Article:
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** Up:** REFLECTION AND TRANSMISSION COEFFICIENTS
** Previous:** Plane wave solutions

At a horizontal interface, we assume a displacement-stress vector whose
variables are continuous across the interface , where is
the velocity, and represents the
vertical component of the stress tensor. This vector can be divided
into

| |
(10) |

where the elements of *F* are
| |
(11) |

and the elements of the vector are a function of the wave
amplitudes, as follows:
| |
(12) |

To calculate the amplitude partitioning at an interface between two
layers we equate the displacement-stress vector across the interface,
thus:

| |
(13) |

Translating the coordinate frame so that the interface is at *z*=0,
the exponential terms in *w* are the same in both layers, and we can
write equation (13) as
| |
(14) |

giving a general relation between the up-going and down-going wave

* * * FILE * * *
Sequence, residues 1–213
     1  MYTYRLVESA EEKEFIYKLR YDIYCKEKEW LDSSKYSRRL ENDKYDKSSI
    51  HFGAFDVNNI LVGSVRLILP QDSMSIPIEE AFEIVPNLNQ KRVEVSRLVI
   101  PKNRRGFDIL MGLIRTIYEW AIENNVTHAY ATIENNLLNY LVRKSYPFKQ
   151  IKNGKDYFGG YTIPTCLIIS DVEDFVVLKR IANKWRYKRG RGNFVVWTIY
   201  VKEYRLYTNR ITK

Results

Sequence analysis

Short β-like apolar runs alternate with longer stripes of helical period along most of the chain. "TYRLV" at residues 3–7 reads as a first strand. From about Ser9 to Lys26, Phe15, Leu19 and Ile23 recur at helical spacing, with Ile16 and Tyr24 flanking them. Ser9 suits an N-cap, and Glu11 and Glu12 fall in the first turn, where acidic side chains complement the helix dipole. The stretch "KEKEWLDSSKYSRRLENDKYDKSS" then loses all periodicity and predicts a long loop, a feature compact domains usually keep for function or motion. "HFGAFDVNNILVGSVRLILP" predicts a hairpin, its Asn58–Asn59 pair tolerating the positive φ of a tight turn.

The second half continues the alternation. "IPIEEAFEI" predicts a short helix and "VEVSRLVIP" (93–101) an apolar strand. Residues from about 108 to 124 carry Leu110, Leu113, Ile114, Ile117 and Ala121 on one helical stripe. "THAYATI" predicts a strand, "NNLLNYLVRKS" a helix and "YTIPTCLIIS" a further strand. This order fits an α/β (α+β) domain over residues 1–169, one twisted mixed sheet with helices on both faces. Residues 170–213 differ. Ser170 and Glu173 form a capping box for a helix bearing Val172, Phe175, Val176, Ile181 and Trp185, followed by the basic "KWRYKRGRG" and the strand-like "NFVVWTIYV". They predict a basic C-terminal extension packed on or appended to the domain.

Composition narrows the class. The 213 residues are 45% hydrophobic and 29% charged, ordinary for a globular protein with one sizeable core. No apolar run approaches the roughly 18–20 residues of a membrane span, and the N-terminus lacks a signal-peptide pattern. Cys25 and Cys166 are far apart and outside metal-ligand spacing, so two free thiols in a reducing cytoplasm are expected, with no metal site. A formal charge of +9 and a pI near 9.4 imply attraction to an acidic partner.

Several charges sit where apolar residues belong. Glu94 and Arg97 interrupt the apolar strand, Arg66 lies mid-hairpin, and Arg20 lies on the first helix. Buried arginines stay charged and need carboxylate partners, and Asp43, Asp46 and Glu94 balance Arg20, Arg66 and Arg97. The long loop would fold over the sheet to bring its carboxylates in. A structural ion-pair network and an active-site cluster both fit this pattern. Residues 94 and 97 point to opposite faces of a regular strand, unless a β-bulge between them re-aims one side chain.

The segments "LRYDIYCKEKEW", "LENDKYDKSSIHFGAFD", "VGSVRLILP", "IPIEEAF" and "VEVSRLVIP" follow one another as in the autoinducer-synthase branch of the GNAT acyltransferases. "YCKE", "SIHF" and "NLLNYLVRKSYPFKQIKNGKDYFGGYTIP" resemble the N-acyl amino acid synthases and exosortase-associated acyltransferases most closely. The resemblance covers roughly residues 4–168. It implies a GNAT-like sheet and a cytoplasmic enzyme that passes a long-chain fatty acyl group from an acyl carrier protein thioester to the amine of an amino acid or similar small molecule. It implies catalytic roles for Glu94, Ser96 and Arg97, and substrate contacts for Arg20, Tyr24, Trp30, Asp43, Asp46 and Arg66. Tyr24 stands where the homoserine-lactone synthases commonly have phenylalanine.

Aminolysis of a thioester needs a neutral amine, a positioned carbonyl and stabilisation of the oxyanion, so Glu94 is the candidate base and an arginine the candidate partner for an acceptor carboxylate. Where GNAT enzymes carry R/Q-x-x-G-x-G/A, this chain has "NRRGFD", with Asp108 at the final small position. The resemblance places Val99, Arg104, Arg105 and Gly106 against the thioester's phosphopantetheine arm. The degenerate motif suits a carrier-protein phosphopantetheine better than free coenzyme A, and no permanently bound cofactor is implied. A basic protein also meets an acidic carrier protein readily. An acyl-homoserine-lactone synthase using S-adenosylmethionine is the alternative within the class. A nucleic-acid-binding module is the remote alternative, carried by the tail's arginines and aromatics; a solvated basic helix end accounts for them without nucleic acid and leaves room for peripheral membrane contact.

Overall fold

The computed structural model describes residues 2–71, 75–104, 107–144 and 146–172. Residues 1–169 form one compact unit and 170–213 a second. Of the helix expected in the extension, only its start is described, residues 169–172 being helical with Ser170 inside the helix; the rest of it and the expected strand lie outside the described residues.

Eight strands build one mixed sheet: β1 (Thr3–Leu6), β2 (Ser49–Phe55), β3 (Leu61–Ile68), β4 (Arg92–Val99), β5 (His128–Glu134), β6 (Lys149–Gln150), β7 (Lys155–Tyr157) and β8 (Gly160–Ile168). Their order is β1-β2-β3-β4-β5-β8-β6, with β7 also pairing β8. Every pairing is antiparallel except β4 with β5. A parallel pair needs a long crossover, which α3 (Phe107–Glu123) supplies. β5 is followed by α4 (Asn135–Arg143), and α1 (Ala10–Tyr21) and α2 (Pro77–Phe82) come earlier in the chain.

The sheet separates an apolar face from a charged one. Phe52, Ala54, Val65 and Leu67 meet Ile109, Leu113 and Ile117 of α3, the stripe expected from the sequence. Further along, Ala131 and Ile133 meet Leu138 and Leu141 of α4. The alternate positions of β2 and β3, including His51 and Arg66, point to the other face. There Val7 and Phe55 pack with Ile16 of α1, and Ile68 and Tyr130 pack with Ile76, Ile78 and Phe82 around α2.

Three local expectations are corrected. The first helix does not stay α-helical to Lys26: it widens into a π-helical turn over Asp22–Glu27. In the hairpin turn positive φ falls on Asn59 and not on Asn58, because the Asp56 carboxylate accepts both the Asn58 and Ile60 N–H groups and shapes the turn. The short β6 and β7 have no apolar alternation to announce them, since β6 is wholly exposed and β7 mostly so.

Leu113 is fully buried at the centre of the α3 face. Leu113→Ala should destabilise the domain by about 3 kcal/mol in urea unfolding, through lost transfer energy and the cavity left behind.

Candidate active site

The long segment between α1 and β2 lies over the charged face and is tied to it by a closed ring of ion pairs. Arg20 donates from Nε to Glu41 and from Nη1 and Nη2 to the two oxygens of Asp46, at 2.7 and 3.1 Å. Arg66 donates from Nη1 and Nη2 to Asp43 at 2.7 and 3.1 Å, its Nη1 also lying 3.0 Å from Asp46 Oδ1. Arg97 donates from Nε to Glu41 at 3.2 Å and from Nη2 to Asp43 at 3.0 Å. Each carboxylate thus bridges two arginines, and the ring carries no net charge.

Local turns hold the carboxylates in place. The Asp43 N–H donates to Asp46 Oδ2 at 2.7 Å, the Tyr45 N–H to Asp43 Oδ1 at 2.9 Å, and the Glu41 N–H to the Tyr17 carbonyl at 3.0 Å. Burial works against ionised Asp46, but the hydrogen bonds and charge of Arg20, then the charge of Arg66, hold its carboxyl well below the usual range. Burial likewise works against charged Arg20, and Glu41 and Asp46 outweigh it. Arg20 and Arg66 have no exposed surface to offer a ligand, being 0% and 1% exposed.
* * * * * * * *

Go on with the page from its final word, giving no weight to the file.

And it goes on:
systems in the two media. If we partition so that
is a vector of the amplitudes of
down-going waves and of up-going
waves, we can write the block-matrix equation as

| |
(15) |

In order to calculate the up-going reflected wavefield and the
down-going transmitted wavefield for a downward propagating wavefield
incident on the boundary from above, we need to solve the system

| |
(16) |

After some manipulation, we obtain Nichols (1991)
| |
(17) |

| |

where
| |
(18) |

| |

The matrices *R*_{D} and *T*_{D} convert the vector of
down-going wave amplitudes in layer 1 into a vector of up-going
reflected wave amplitudes in layer 1 and a vector of down-going
transmitted amplitudes in layer 2. The next section studies the PP
wave reflection amplitudes given by the first column, first row
element in matrix *R*_{D}.

** Next:** MODELING REFLECTIONS
** Up:** REFLECTION AND TRANSMISSION COEFFICIENTS
** Previous:** Plane wave solutions
Stanford Exploration Project

11/12/1997